Suppose, in mid-2000, John, an investor with results similar to this tempered index, became so disenchanted with his perceived opportunity cost over the first 4.5 years that he abandoned his risk-managed portfolio in favor of one that simply followed the untempered index. His subsequent return over the next 15.5 years would have been a cumulative 90%. Meanwhile his sister, Jane, who stayed faithful to the risk-managed approach, enjoyed a cumulative return of 191% over the same period. And Jane, of course, ended up much wealthier after the full 20 years, having seen a cumulative growth of 476%, compared to her brother’s 276%. In dollar terms, John grew his original $100,000 portfolio to $376,000 (see dotted line path on graph above), while his steadfast sister, who also started with $100,000, grew her portfolio to $576,000 (see red solid line path on graph above). John got in his own way and deserted a proven, time-tested risk management approach simply because it wasn’t needed, in retrospect, over the short term.
We noted how, through the first 4.5 years, i.e., from 1/1/1996 through 06/30/2000, an investment in the non-risk-managed S&P 500 Index would have done better. This will typically be the case when the untempered index is in relentless upswing. We have seen recent examples of investors who have grown impatient with risk-managed investing when facing a similar situation. That is why this approach rewards only those investors who have the patience and fortitude to see it through a complete market cycle and rewards such investors further through each subsequent cycle.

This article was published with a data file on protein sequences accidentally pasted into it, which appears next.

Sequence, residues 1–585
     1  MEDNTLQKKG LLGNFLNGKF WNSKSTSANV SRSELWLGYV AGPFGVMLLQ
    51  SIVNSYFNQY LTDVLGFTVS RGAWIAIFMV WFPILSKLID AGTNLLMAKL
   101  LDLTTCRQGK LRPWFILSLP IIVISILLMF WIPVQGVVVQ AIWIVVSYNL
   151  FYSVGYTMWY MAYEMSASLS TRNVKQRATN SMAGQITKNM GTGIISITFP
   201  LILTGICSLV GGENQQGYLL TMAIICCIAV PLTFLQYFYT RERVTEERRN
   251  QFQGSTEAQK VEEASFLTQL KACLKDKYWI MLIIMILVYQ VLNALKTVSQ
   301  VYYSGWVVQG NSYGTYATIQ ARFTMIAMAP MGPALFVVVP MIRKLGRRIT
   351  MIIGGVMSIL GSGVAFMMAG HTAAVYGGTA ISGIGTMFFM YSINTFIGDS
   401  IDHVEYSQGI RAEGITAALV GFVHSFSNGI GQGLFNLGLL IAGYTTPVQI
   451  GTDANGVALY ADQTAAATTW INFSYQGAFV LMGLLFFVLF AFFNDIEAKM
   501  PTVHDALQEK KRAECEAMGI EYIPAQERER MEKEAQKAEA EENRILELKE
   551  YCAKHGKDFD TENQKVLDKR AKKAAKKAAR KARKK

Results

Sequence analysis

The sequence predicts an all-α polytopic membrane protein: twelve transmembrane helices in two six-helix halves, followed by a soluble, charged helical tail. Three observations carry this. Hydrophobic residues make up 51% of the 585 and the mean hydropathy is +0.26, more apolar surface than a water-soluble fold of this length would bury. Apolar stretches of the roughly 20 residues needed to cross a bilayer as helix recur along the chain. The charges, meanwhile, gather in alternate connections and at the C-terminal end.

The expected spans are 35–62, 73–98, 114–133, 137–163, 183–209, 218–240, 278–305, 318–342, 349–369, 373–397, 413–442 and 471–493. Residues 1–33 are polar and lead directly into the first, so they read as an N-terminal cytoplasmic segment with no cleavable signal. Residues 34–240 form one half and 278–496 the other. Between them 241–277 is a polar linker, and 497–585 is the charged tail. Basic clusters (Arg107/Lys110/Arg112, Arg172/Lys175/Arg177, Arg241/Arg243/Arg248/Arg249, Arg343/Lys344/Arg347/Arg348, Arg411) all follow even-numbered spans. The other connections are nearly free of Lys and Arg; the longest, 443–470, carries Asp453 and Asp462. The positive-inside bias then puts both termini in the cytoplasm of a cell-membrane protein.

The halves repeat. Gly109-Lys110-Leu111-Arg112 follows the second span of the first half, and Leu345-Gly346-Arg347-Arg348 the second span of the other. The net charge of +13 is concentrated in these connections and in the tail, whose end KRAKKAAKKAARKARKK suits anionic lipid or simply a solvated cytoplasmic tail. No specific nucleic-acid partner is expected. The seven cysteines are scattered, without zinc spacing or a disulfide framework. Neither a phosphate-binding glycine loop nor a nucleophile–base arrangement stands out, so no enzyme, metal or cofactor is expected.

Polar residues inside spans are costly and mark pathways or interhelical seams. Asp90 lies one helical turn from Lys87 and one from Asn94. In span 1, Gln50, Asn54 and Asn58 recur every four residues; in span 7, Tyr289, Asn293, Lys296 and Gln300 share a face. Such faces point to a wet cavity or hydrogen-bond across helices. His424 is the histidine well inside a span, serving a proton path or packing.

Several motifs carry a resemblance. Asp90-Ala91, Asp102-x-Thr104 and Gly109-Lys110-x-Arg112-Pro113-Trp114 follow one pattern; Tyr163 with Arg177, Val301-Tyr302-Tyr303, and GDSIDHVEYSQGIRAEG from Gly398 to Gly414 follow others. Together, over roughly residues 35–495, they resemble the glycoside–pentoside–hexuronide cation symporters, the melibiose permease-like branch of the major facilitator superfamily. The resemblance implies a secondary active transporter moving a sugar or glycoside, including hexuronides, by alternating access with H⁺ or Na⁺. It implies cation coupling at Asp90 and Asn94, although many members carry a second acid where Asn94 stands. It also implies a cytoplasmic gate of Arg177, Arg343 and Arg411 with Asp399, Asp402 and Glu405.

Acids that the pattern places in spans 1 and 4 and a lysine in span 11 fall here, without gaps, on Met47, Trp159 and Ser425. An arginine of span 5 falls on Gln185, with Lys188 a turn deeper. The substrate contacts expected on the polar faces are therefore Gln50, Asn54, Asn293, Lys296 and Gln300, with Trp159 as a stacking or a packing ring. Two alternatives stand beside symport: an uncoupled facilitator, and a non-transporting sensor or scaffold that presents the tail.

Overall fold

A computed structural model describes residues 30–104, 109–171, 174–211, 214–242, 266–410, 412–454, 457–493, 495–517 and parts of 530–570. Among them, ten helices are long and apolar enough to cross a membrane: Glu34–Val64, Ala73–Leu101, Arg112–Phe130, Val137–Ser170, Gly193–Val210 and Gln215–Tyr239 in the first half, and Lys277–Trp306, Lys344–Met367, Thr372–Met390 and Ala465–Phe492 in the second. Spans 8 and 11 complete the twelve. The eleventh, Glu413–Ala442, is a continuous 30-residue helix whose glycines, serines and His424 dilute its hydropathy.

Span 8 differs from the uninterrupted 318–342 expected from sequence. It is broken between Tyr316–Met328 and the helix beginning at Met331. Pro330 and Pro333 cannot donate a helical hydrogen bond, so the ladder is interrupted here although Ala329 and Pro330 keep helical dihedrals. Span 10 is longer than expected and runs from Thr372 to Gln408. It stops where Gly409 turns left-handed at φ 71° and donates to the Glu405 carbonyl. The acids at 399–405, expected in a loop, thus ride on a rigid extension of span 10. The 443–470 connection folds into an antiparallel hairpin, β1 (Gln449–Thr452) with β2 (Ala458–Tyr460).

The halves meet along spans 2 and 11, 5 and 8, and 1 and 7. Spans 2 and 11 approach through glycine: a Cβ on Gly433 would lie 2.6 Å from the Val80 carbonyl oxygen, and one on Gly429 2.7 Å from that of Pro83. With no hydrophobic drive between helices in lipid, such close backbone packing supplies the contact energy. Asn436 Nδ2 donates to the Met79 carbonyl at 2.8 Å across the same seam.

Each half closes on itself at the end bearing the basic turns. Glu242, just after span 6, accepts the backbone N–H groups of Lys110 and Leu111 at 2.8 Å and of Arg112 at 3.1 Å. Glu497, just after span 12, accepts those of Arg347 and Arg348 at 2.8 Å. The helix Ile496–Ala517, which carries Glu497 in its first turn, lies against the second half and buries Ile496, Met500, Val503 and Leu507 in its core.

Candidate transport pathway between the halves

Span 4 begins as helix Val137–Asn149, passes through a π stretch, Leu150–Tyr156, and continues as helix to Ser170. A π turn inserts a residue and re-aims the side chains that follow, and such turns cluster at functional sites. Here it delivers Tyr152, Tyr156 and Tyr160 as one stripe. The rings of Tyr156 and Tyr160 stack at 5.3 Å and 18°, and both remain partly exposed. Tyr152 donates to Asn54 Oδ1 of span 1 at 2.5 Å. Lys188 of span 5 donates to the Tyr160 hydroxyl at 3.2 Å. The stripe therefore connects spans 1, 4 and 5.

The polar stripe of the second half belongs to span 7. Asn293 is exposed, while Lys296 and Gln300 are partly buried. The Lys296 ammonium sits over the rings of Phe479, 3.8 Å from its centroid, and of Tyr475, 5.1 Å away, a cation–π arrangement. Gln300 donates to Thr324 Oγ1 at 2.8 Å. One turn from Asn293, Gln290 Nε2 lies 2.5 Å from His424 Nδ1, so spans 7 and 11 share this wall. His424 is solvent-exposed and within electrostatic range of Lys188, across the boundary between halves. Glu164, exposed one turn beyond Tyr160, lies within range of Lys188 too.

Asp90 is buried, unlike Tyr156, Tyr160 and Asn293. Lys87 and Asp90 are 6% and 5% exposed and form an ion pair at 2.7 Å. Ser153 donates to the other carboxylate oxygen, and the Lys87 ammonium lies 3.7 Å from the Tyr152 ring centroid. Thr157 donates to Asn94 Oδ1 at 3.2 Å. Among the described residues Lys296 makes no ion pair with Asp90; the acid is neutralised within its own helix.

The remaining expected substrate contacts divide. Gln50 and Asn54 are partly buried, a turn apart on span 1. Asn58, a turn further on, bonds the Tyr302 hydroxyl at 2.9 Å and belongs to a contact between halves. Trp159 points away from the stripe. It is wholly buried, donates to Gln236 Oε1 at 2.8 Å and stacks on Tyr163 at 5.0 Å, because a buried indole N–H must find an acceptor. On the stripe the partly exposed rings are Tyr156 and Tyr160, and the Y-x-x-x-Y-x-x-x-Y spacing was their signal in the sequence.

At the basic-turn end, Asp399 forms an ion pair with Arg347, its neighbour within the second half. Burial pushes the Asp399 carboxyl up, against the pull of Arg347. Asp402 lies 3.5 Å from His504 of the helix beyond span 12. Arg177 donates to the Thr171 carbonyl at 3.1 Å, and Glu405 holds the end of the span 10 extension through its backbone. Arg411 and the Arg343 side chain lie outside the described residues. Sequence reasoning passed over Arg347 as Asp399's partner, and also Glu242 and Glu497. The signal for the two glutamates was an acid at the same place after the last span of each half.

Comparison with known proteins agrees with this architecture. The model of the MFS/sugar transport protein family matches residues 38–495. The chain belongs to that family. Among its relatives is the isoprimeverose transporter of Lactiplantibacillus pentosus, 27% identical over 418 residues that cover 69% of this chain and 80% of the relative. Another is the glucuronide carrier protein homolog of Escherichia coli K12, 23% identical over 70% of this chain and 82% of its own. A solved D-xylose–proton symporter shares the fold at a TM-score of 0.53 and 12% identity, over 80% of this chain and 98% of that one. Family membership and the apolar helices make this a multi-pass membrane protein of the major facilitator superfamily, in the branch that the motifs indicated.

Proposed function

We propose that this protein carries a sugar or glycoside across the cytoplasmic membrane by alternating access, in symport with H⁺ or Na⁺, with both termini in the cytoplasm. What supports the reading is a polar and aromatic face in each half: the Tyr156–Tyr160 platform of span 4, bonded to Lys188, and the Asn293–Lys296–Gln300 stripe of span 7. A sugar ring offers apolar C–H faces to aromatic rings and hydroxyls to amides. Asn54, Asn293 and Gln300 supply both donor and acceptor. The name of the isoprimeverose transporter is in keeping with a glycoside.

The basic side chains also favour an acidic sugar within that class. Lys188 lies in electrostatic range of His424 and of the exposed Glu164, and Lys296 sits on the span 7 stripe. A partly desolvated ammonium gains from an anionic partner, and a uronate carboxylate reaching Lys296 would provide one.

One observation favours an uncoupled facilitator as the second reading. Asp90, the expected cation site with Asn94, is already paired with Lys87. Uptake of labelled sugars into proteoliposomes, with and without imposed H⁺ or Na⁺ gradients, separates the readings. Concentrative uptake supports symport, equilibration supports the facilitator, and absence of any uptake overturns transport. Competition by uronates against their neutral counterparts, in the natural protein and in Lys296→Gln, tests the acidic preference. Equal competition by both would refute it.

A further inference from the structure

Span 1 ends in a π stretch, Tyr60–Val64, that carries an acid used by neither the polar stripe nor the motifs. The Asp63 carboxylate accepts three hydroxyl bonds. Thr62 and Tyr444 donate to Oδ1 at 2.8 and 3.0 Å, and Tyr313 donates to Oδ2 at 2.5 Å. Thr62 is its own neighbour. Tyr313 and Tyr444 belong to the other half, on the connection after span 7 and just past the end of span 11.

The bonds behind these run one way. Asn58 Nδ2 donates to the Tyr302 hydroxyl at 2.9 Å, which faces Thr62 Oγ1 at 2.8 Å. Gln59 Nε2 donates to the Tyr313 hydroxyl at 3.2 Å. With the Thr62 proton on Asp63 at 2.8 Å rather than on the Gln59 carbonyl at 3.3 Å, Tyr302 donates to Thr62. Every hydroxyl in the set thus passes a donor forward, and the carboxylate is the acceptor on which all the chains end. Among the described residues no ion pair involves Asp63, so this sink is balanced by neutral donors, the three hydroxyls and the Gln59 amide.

So, a portfolio risk management device that mitigates extreme percentage movements can lead to greater wealth creation over time than a portfolio without such a device. Are there such devices in practice? We will discuss several practical approaches in subsequent articles.
These approaches constitute a class of strategies that we call Risk-Managed Investing, or RMI, which we introduced in (Article One) and further discussed in later installments (Article Two, Article Three, Article Four). Each RMI strategy attempts to mitigate downside risk, and each has a cost, which directly or indirectly sacrifices some upside potential. Some RMI approaches are more cost-effective than others in this regard.
In our next installment, we will address a question to which the above discussion logically leads: How much market upside should you be willing to give up to achieve a given level of downside risk mitigation?
For now, the thought we would like to leave you with is this… RMI has the potential to be a powerful wealth-building tool for those investors with the foresight to appreciate its potency and the patience to let it work for them.
Please let us hear your comments.
This material is for informational purposes only. Nothing in this material is intended to constitute legal, tax, or investment advice. Investing involves risk including potential loss of principal.